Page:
that teeth might be missing or are erupting
in an abnormal pattern. General dentists
also have first-mirror knowledge of the
parent’s dental history. Any time a general
dentist hears about teeth concerns with a
child or red flags in genetic history, it is an
opportunity to engage and refer the patient
to a pediatric dental specialist.
We are part of the larger health care community
General dentists have the opportunity
to remind those in their patient care teams
about the importance of oral health for
children and that the first dental visit
should take place at just 1 year of age. As dentists, working together to address
comprehensive family health concerns is
a required component of our job as part
of a larger medical community. We’re not
just the “teeth doctors”!
Questions about infants
One thing that’s unique about my
practice is my work in releasing tethered ties
through laser frenectomy. This procedure
is used to release a tongue or lip tie to help
children feed, speak and breathe more clearly
and cleanse their mouth better.
Because of the proven health benefits
of breastfeeding, frenectomy is, at times, a
necessary procedure for moms looking to
improve nursing for their newborn. This
has become a hot topic in the new mom
community, and families may look to their
general dentists for guidance and reassurance.
The important message to get across is that
this procedure should be explored as a team,
which may include a lactation consultant,
a pediatric dentist and possibly an infant
chiropractor or bodyworker.
In fact, any time families talk about
infants is a teaching moment! Most families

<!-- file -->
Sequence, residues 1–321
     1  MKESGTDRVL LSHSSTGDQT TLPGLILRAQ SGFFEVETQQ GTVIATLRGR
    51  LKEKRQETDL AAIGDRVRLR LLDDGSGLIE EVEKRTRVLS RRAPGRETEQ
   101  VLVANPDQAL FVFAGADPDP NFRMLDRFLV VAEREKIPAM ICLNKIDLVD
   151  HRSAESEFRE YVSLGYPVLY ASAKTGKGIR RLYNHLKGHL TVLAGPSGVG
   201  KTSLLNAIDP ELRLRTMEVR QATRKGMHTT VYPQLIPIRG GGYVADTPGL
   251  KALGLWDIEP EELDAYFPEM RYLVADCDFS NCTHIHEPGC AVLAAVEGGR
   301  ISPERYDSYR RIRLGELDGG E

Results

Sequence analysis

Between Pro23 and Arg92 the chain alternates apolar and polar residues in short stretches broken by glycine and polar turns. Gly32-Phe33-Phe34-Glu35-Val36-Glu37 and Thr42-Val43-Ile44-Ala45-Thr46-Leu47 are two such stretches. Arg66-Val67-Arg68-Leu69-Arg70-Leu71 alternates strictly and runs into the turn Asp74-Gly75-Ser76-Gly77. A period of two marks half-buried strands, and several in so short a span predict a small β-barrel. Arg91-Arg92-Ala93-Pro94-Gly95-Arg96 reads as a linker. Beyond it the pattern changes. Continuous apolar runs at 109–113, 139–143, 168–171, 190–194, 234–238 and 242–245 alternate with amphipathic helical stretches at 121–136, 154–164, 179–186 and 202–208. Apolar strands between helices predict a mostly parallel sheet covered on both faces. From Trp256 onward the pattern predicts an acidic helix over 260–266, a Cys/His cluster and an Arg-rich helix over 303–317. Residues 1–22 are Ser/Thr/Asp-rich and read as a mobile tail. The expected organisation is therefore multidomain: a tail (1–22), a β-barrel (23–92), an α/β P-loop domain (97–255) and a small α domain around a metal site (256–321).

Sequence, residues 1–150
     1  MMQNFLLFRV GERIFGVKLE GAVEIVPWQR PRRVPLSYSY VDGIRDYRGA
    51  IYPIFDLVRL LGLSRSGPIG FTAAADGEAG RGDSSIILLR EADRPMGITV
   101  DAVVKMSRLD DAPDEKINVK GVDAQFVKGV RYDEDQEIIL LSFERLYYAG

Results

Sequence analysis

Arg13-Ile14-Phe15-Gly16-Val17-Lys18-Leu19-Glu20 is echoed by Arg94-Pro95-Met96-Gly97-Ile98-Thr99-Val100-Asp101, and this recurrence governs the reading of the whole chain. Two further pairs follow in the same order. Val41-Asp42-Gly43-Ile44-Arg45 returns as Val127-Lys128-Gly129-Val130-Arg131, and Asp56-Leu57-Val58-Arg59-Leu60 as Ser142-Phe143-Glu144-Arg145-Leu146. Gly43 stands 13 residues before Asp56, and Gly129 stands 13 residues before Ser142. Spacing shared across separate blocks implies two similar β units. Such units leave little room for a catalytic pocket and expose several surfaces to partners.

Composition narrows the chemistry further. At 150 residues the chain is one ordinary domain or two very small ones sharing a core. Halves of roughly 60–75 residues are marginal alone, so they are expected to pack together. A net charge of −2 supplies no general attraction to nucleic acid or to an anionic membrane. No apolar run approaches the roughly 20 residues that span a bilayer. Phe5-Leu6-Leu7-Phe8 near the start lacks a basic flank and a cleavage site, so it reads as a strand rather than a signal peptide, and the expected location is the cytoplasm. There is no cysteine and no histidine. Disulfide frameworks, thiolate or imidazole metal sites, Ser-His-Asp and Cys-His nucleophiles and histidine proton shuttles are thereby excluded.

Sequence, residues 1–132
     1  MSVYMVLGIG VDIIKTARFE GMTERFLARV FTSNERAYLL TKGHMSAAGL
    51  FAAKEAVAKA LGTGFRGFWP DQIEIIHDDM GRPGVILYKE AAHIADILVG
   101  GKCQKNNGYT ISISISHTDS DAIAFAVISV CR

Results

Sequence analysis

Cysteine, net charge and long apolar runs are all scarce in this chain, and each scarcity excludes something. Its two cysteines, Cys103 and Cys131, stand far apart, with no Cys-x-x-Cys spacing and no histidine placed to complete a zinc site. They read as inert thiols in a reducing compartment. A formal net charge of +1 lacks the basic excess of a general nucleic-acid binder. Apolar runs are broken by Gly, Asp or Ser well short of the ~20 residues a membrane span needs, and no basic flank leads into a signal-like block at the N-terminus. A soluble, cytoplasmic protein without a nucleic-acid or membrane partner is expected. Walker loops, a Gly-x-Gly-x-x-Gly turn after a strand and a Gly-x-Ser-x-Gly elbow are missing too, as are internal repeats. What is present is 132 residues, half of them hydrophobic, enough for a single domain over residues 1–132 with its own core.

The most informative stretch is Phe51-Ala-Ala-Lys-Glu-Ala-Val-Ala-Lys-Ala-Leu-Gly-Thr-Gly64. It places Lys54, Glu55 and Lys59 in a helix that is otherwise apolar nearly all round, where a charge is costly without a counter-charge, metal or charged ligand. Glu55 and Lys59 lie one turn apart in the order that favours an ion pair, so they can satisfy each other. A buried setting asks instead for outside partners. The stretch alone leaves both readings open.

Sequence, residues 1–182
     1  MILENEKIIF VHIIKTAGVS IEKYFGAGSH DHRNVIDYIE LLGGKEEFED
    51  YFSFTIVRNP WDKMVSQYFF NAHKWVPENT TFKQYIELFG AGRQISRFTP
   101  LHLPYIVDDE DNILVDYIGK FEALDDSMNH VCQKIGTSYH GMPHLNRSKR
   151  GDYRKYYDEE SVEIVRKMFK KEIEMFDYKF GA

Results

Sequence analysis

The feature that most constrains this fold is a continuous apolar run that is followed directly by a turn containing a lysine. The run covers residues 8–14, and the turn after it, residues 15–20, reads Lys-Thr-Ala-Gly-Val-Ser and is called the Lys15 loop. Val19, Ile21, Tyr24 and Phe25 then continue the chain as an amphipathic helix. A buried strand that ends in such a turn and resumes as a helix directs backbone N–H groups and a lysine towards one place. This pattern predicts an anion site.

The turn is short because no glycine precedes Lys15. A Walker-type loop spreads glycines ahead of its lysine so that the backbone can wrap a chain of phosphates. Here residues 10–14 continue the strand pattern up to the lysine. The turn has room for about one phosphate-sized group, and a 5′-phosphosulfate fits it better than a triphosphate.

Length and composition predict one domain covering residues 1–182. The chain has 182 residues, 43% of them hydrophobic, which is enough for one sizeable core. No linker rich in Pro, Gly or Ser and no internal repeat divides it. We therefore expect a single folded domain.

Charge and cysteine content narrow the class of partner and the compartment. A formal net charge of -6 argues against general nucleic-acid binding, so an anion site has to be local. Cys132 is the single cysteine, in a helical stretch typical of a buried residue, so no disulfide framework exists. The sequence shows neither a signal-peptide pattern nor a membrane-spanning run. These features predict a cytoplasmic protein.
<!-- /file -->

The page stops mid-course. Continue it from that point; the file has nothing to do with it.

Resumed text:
need guidance understanding the life cycle
of teeth, how the introduction of solids
increases the need to have an oral health
routine and how common dental trauma
is at such a young age, especially as young
children are learning to walk. I find that
most parents are receptive to this guidance
because parenting books often lack detailed
information about the topic of oral care.
Baby’s first visit to the dentist
Generally speaking, a child’s first dental
visit should be as close to age 1 as possible.
Exceptions to this rule include children born
with teeth or those born with craniofacial
abnormalities, who should be under a
pediatric dentist’s care earlier. At that first
appointment, I’m looking at the child’s oral
development and seeking information on a
range of topics from birth and family dental
history to sleep problems and respiratory
issues such as snoring.
Parents are often surprised by the amount
of time we spend talking about feeding,
swallowing, nutrition and their functional
relationship to oral health. In truth, the entire
conversation is geared toward identifying
risk areas and potential future concerns.
Let’s talk about kids and sugar
Toddlers, preschoolers and grade-school
children need to see a dentist every six months
to closely monitor their growth and development.
Our conversations in the treatment